The Value of Liberal Arts Courses

I was a liberal arts major at Penn State University. I graduated from the College of Arts and Architecture. Although my major was Music History and Literature, there were lots of other liberal arts courses enhancing my music-specific classes. I credit these courses for stretching my understanding of the world around me.

Today, many students (and especially their parents) are strongly focused on what's known as “pre-professionalism." That is, they want to take the shortest trip between high school and a solid job that pays well and offers hope for a lifetime career. The road they prefer to take through college to arrive at that preferred destination should be, they hope, filled with practical, hands-on courses that apply directly to the desired work's skills. So what should we think of those courses that fall outside of the pre-professional category, the ones that don't instill hands-on skills?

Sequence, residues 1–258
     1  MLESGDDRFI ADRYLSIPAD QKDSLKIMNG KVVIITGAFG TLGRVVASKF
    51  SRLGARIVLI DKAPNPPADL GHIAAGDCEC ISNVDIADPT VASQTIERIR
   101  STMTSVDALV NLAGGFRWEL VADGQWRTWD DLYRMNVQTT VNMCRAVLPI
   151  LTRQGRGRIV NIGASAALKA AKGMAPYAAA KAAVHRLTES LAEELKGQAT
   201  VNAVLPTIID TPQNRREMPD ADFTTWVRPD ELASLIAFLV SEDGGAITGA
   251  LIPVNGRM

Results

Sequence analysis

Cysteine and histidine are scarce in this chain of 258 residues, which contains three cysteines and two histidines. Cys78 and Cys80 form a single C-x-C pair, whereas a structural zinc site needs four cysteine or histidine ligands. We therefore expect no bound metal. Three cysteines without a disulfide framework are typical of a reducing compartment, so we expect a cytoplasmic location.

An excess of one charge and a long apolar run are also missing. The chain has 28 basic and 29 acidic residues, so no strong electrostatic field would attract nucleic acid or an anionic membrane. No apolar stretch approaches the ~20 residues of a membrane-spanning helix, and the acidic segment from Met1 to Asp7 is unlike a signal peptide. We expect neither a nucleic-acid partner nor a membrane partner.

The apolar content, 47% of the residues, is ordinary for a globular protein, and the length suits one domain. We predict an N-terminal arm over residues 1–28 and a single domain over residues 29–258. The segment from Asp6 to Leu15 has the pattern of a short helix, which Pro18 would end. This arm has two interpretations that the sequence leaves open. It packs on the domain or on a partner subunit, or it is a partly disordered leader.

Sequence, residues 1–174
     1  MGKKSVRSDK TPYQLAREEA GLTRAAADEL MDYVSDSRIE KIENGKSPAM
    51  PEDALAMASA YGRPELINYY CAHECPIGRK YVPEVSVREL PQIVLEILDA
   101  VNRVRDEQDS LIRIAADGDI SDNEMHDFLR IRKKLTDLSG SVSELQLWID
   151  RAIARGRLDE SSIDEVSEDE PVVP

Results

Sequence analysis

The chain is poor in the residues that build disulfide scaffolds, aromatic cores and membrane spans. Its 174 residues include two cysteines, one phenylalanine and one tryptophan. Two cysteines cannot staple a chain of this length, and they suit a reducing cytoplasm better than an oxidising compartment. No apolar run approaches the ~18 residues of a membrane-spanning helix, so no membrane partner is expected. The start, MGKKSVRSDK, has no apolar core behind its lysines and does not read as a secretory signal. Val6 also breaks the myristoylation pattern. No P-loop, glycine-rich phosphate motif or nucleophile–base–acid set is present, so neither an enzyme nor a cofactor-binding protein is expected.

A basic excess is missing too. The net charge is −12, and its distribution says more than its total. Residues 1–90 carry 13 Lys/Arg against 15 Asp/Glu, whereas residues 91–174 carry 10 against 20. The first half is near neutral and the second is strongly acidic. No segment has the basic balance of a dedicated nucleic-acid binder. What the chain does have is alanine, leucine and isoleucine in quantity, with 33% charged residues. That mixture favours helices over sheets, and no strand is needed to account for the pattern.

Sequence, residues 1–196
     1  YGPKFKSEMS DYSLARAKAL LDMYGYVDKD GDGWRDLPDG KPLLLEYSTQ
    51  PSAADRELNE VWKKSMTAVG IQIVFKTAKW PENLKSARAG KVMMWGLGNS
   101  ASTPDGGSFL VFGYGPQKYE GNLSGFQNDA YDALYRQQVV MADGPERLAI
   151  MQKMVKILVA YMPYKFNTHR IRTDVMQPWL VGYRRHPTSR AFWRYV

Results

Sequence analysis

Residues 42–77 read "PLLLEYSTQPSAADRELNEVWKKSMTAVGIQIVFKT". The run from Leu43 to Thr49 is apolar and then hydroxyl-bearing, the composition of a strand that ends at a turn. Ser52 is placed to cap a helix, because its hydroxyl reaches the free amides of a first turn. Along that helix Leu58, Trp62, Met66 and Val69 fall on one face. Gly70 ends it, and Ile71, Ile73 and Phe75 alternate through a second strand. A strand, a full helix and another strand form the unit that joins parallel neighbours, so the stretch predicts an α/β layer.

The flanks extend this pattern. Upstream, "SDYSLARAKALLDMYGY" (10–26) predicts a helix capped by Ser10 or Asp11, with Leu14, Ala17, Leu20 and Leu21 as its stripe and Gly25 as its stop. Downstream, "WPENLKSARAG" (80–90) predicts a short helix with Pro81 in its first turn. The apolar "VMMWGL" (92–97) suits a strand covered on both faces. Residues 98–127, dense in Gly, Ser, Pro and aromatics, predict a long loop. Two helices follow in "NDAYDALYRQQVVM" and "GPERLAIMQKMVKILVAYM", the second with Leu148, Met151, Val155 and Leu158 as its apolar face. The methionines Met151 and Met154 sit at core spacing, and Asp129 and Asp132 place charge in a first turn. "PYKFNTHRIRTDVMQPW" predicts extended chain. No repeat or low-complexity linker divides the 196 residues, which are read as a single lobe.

I'm talking about so-called “core curriculum" courses. What is a core curriculum and why do colleges require their students to take those courses?

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